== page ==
According to trial testimony, on March 3, 1974 Norman Stribbling, Gray’s husband at that time, was found murdered. He died of a single gunshot wound to the right side of his head. Gray was suspected in that murder and two witnesses testified that Gray had solicited them, on separate occasions, to murder Norman Stribbling. Nevertheless, Gray was not convicted of his murder and received $16,000 from Stribbling’s life insurance.

According to trial testimony, Gray married William Robert Gray in November, 1975 with whom she had been having an affair for several years. Josephine and William Gray separated in August of 1990. At the time, Josephine Gray was having an affair with Clarence Goode and a co-worker. Witnesses at trial testified that William Gray stated on numerous occasions that his estranged wife was trying to kill him and that she had assaulted him. From August through October 1990, William Gray changed several of his life insurance policies to remove Josephine Gray as beneficiary. On November 9, 1990, Mr. Gray was discovered shot to death in his apartment. Josephine Gray’s co-worker boyfriend testified at trial that Gray admitted to being involved in the murder. Despite being a suspect in this murder, Josephine Gray collected over $54,000 from Mr. Gray’s life insurance policies.

From 1990 to 1996 Clarence Good and Josephine Gray lived together. In March, 1996 Goode applied for a $100,000 life insurance policy, naming Josephine Gray as the sole beneficiary. On June 21, 1996 Goode’s body was discovered in the trunk of his car in Baltimore. He had been shot in the head. A search warrant executed at Josephine Gray’s home several weeks after the murder found a large stain on the concrete floor of the garage which tested positive for blood. Next to the stain was a commercial vacuum cleaner and small amounts of possible blood was recovered from inside. State charges were never brought against Gray and the insurance company paid Gray $90,000. They paid Mr. Goode’s minor son the remaining $10,000.

United States Attorney Rod J. Rosenstein thanked the Federal Bureau of Investigation, Montgomery County Police Department and Baltimore City Police Department for their investigative work performed in this case. Mr. Rosenstein also praised Assistant United States Attorneys Sandra Wilkinson and James Trusty who prosecuted the case.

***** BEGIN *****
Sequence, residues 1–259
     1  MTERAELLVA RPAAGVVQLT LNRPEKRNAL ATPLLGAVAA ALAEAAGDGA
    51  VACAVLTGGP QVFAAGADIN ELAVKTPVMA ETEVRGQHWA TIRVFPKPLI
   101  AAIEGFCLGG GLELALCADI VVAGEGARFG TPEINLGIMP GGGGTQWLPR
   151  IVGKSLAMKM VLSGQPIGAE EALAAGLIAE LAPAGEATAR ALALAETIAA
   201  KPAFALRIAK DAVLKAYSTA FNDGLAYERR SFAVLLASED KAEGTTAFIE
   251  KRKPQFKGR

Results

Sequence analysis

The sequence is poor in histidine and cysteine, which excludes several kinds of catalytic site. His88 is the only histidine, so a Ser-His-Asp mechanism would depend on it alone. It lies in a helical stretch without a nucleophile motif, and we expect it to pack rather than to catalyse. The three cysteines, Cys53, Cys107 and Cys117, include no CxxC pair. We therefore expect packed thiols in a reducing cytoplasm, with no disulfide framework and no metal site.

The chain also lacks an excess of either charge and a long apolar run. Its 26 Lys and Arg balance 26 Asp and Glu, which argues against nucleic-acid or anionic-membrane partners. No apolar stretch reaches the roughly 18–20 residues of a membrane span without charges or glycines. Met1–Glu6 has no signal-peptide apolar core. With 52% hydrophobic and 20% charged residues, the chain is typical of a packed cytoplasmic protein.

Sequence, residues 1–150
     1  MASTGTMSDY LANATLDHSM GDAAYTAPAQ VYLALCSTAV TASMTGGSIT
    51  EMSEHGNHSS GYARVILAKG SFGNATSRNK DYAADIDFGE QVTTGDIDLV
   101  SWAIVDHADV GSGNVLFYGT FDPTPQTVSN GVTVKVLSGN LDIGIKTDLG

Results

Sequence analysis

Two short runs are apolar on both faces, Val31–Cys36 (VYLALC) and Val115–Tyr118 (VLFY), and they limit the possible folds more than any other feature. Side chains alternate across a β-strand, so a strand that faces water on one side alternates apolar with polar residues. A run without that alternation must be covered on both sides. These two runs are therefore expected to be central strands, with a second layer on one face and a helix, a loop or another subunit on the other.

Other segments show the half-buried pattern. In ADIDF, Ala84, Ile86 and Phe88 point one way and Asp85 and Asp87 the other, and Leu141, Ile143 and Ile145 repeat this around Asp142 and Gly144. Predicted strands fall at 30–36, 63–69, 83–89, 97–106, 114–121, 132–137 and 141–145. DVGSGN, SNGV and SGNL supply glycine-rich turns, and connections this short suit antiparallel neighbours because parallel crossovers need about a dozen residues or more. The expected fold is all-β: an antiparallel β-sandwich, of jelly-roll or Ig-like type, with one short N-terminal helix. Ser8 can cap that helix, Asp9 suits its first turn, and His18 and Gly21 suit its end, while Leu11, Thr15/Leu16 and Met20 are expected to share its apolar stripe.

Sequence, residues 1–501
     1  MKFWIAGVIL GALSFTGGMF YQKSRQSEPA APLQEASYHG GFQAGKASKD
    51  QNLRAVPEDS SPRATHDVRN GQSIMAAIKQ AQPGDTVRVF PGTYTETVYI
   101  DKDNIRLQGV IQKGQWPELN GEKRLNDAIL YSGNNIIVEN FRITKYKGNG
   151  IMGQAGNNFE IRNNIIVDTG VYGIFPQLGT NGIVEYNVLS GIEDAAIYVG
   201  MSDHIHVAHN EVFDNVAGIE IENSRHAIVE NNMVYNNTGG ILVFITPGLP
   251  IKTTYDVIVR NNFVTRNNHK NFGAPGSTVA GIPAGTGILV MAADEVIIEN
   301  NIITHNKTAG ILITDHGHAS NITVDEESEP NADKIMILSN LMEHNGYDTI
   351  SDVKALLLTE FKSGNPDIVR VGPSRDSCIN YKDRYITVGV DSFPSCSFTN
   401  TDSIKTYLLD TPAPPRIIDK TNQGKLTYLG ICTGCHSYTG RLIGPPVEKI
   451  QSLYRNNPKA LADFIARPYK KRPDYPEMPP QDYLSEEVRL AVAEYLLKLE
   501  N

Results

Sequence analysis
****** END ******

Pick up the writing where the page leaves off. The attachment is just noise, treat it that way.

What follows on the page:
[“Josephine Gray, known as “The Black Widow,” re-sentenced to 40 years in insurance fraud case; Caused the Deaths of A Husband and Lover to Collect Life Insurance Proceeds,” US Fed News Service, Aug. 7, 2006]

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Selected quotations on the subject of fear:


Stribbling told friends weeks before he was killed in 1974 that his wife had tried to shoot him in the head one morning while they were in bed together. He survived because the gun misfired, Assistant U.S. Attorney James Trusty said. [Dennis O'Brien, “A feared woman, 3 killings and allegations of voodoo; She collected benefits, is charged with fraud,” Baltimore Sun (Md.), Dec. 8, 2001]

When police searched Gray's home in 1990, they found "dolls with pins in them" and other voodoo paraphernalia, Gansler said. Witnesses also have told police they feared Gray because of her voodoo, according to Gansler and court papers. [Dennis O'Brien, “Montgomery police charge woman with murder in deaths of two husbands; Voodoo fears undermined earlier cases against her,” Baltimore Sun (Md.), Jan. 5, 2002]

Witnesses at trial testified that William Gray stated on numerous occasions that his estranged wife was trying to kill him and that she had assaulted him. [“Josephine Gray, known as “The Black Widow,” re-sentenced to 40 years in insurance fraud case; Caused the Deaths of A Husband and Lover to Collect Life Insurance Proceeds,” US Fed News Service, Aug. 7, 2006]

Gray was charged in the 1974 and 1990 Montgomery County killings, but authorities said the charges in each case were dropped when witnesses, frightened by rumors that Gray practiced voodoo, refused to testify against her. [Gail Gibson, “Woman guilty of insurance fraud; She collected $165,000 after deaths of 3 men,” Aug. 17, 2002]

Before they were killed, Norman Stribbling, William Robert Gray and Clarence Goode each told friends that a dangerous woman was after them. All three were shot to death, Stribbling in 1974, Gray in 1990 and Goode in 1996. [Dennis O'Brien, “A feared woman, 3 killings and allegations of voodoo; She collected benefits, is charged with fraud,” Baltimore Sun, Dec. 8, 2001]

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For links to other cases of woman who murdered 2 or more husbands (or paramours), see Black Widow Serial Killers.

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For more cases of this type, see: Occult Female Serial Killers